Boise State Doesn’t Play the Game
By Paul Myerberg // Oct 17, 2010
As if we needed another reason to question the motives of several voters in either polls. Let’s take a look, if you dare, at the poll put forth by ESPN’s Craig James. Heading into Saturday, James had the following top five: Alabama, Oregon, Ohio State, Nebraska and Boise State. What’s done is done; it’s not a terrible top group, all told. Here’s the top five James has heading into today: Oregon, Auburn, Oklahoma, Boise State and Michigan State.
I suppose we can understand Auburn’s bump, as the Tigers dispatched Arkansas in a 65-point onslaught. Oklahoma, on the other hand — the Sooners, sixth a week ago, takes a three-spot leap thanks to a win over mighty Iowa State. Boise State suffers. Why? If for nothing else, it’s because Boise doesn’t play to impress the national voting bloc. And the Broncos should be commended for it.
Do you think Boise State couldn’t have scored 80 points on San Jose State last night? The Broncos could have scored 100, in fact, if they had kept the pedal down for four quarters. Instead, the Broncos barely broke a sweat for 30 minutes.
Boise held a 41-0 advantage at the half. Kellen Moore completed 14 of his 16 attempts over the first two quarters, throwing for 231 yards and a pair of scores; Doug Martin rushed for 68 yards and 2 touchdowns; Titus Young made 7 receptions for 105 yards; and neither was heard from again.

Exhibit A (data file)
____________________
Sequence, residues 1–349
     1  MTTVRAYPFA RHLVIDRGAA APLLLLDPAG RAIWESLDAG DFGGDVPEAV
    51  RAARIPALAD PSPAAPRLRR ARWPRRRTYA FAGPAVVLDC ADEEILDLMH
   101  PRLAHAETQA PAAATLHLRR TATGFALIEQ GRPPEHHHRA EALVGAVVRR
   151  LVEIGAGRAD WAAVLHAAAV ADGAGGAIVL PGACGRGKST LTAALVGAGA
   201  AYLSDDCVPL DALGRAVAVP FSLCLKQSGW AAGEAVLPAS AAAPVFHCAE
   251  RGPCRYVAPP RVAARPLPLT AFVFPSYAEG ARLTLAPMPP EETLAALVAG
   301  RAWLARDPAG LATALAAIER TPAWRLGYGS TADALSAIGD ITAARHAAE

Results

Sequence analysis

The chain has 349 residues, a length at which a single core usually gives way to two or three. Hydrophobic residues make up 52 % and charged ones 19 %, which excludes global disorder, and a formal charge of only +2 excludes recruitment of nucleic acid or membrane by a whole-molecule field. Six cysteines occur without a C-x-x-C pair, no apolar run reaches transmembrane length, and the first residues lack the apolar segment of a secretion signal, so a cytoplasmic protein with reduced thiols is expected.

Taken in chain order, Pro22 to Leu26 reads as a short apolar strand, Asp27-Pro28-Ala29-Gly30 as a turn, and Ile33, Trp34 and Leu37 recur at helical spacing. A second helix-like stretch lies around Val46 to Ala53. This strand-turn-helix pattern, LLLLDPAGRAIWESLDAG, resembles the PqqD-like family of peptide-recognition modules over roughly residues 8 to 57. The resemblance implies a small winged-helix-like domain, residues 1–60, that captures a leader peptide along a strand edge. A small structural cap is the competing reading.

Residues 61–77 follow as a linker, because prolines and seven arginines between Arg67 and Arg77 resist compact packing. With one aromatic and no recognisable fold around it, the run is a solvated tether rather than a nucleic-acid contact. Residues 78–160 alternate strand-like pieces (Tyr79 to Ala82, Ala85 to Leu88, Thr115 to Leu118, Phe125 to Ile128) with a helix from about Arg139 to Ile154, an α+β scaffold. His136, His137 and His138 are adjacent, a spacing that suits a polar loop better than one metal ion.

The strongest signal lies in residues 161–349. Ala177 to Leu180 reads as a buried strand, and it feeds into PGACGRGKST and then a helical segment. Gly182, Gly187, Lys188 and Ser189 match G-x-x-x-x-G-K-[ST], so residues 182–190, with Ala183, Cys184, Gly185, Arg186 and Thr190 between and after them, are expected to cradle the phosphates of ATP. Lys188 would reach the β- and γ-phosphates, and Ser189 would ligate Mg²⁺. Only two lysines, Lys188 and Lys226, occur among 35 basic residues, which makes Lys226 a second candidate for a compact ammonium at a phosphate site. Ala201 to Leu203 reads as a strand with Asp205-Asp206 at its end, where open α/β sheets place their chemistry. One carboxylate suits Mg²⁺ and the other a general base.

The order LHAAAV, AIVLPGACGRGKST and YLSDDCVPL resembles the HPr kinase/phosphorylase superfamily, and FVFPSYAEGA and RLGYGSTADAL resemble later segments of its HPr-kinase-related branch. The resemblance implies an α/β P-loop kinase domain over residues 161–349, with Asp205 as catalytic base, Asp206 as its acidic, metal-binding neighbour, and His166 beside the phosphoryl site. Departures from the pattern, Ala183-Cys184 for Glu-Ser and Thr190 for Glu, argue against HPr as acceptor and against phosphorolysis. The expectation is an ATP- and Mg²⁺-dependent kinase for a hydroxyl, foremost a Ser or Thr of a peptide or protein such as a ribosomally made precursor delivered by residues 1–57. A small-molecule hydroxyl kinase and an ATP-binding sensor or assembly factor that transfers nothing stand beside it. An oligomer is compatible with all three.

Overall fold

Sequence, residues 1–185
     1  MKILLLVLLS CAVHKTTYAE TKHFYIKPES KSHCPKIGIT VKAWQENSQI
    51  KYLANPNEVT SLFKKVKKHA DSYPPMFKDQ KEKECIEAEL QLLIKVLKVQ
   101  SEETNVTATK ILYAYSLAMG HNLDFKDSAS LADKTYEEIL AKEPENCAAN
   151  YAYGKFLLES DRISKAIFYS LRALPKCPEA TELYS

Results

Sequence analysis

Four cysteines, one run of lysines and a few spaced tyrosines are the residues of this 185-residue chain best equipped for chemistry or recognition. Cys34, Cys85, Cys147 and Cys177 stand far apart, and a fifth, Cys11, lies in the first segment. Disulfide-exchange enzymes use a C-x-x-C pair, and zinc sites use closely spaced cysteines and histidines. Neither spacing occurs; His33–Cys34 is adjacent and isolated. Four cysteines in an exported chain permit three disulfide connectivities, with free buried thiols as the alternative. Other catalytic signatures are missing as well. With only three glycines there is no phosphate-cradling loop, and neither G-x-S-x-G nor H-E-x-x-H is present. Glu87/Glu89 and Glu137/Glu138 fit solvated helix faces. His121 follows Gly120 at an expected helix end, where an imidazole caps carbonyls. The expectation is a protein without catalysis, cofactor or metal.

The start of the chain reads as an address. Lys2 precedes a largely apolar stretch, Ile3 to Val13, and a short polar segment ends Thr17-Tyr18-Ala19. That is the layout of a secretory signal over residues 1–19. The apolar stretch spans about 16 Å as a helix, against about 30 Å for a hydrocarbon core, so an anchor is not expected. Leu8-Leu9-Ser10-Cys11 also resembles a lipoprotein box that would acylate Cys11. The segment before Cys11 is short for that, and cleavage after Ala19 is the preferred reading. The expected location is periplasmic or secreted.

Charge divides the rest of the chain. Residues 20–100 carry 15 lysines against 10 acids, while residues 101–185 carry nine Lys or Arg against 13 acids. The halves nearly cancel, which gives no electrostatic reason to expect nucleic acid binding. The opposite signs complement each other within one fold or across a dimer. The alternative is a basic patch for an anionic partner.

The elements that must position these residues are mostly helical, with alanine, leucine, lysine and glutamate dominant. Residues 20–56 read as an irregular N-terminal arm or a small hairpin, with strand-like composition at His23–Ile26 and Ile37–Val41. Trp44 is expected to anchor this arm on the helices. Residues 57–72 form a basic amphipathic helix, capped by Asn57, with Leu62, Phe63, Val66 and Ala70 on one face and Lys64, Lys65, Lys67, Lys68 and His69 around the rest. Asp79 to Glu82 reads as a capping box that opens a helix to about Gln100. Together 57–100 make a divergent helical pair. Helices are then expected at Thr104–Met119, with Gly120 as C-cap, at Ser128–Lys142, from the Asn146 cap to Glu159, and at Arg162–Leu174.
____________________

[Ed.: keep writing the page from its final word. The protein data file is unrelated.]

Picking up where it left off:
Beauty points, sadly, count for something. When Boise called off the dogs — with only half the game in the books — it cost itself some national recognition. Again — sadly. Voters shouldn’t be swayed by margin of victory; they are, however, and would have taken notice of the Broncos had they rolled through the second half with another 40-point outburst instead of doing the right thing.
The right thing: not humiliating your opponent. The Broncos take their cue from their coach, Chris Petersen, who while dry and taciturn remains one of the best leaders — not to mention one of the best coaches — in the country. Gaining an extra vote or two, while good for Boise’s end goal, sends the wrong message to a program built on gaining respect, not losing the respect of others to impress the national punditry.
When all is said and done, Boise wins. We know for this sure in the little picture: Boise has already won my respect. It’s not just about winning, but in the way the Broncos go about doing so. Oklahoma continued to pass into the second half against a second-tier conference foe — and are rewarded for the impressive margin of victory.
Boise called off the dogs. See, Boise doesn’t play the game — doesn’t know how to, doesn’t want to, wouldn’t for all the B.C.S. money in the world. Those voters not paying attention, merely glancing over the final score while completing their misguided ballot, are missing the point. Boise could score 80 points against a San Jose State team, likely earning national praise and recognition.
The Broncos choose not to. Don’t penalize them for doing the right thing. If there is any fair play lurking somewhere in the B.C.S. — deep, deep down inside — Boise State’s sense of fair play will result in a chance to show just how impressive it can be against a top-notch foe with a national title on the line.
Tags: Boise State, Chris Petersen
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